Jiegen Chen, PhD, Anna Spagnoli, MD, Alfonso Torquati, MD MSCI. Duke University and University of North Carolina – Chapel Hill
Introduction: Adipose tissue dysfunction is an important feature of obesity characterized by marked changes in secretion of adipokines. These result in chronic vascular inflammation, oxidative stress, and activation of the renin-angiotensin system (RAS), eventually leading to cardiovascular disease (CVD). In several trials, bariatric surgery has been demonstrated to significantly reduce the risk of CVD. However there is a gap in knowledge about the molecular mechanisms by which bariatric surgery reduce the burden of CVD in obese individuals. Therefore, the aim of the present work is to study whether surgical induced weight loss regulates the expression of RAS-related genes during adipogenesis.
Method: Mesenchymal stem cells (MSCs) were isolated from adipose tissue collected from the following three groups: 1) non-obese (mean BMI=28) controls (n=11); 2) obese subjects (mean BMI=51) undergoing gastric bypass surgery (GBS); and 3) subjects 1 year or more status post-GBS (mean BMI=30) undergoing elective surgery (n=3). These MSCs were induced to adipogenic differentiation. MSCs were treated with Angiotensin II in combination with Losartan (Angiotensin II receptor 1 blocker) and/or PD123319 (Angiotensin II receptor 2 blocker) during differentiation. Differentiation and RAS-related gene expression were analyzed by quantitative RT-PCR. GraphPad Prism was used for data analysis. Student’s t-test was used for group comparisons.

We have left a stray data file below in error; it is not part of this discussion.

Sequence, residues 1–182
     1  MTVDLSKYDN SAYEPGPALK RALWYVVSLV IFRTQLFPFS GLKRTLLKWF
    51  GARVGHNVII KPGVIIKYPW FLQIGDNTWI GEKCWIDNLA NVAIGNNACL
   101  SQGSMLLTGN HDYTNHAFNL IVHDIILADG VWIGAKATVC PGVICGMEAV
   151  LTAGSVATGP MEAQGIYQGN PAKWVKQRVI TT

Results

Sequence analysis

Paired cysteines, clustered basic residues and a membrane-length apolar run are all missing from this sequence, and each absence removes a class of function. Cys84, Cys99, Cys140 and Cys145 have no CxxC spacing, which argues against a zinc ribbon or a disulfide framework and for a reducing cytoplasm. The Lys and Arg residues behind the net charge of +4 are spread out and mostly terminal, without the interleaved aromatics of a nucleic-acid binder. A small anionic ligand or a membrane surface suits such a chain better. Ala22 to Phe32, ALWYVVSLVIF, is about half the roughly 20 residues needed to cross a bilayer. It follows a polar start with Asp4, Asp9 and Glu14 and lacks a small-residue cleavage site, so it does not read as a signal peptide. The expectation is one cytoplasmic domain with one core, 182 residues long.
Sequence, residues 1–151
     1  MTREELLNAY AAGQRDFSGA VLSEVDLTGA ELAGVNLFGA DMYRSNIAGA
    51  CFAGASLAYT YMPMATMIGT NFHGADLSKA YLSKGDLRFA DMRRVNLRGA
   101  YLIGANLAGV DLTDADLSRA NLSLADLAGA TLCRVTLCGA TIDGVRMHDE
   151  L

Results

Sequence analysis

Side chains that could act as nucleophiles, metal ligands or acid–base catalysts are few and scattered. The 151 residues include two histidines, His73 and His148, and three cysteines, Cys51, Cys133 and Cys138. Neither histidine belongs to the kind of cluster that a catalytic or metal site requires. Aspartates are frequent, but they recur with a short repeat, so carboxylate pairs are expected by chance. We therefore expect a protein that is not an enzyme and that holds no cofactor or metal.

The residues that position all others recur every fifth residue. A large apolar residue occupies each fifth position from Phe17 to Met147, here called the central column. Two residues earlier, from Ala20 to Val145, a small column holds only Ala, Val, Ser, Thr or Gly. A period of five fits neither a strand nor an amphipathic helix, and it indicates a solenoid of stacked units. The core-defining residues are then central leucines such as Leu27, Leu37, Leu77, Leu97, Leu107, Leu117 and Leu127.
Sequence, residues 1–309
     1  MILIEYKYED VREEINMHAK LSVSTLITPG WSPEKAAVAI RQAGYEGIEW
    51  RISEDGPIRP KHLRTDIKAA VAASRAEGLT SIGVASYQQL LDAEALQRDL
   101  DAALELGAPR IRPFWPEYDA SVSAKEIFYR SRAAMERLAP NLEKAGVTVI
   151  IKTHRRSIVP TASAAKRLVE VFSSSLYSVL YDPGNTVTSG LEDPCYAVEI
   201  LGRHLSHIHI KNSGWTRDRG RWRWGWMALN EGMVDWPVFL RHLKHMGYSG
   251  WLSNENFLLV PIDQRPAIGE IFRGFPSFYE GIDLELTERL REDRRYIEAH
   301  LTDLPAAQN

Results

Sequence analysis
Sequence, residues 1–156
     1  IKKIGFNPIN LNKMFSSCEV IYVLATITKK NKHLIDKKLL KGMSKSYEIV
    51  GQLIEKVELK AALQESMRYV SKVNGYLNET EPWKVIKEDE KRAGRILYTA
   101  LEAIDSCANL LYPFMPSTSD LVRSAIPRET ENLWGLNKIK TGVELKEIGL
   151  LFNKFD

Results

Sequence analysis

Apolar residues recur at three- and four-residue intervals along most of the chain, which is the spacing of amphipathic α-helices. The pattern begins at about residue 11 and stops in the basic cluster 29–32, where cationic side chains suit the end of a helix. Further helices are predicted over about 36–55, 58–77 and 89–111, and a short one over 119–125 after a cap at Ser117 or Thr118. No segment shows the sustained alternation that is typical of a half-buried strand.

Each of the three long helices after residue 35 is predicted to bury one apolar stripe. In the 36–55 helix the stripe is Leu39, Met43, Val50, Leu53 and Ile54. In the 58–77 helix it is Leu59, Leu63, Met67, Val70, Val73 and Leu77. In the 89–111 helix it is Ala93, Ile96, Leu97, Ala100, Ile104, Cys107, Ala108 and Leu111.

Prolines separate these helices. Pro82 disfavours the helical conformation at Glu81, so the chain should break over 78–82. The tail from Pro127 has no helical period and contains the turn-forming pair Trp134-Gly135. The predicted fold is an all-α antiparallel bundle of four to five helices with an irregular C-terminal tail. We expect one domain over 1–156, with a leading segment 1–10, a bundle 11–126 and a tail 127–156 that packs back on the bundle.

Results: As shown in the Figure, Angiotensinogen mRNA levels in MSCs and differentiated adipocytes were significantly higher (p<0.05) in the obese group than in the non-obese controls. Renin mRNA levels were significantly higher (p<0.05) in the obese group MSCs than in the non-obese and post-GBS groups. Angiotensin converting enzyme (ACE) mRNA levels were significantly lower (p<0.05) in the MSCs and adipocytes derived from the post-GBS group than in obese and non-obese controls. Serum angiotensin II levels were significantly lower (p<0.05) in the post-GBS group (52.1±4.2 pg/ml) than in the non-obese (85.4±12.4 pg/ml) and obese (84.7±10 pg/ml) groups. Angiotensin II treatment inhibited adipose MSCs differentiation into adipocytes in a dose dependent manner. The effect of Angiotensin II was mediated by both receptors. However, the receptor 2 blocker (PD123319) was more effective (p<0.05) in inhibiting Angiotensin II effects than the receptor 1 blocker (Losartan).
Conclusion: The adipogenic differentiation of adipose-derived MSCs is regulated by the RAS. We demonstrated that obese subjects are characterized by an up-regulation of the RAS related gene expressions in the adipose tissue. On the contrary, post-GBS subjects exhibit a pattern of RAS related gene expression similar to non-obese controls. This post-bariatric surgery change in RAS related genes can be one of the mechanism responsible for the CVD risk reduction induced by GBS.
Figure. Renin-angiotensin system (RAS)-related gene expression during MSCs adipogenesis. Data expressed as mean±S.E.M. * for p<0.05, non-obese vs. obese in MSCs; # for p<0.05, non-obese vs. post-GBS in MSCs; † for p<0.05, obese vs. post-GBS in MSCs; ‡ for p<0.05, non-obese vs. obese in adipocytes; § for p<0.05, non-obese vs. post-GBS in adipocytes.
Session Number: SS01 – Basic Science
Program Number: S003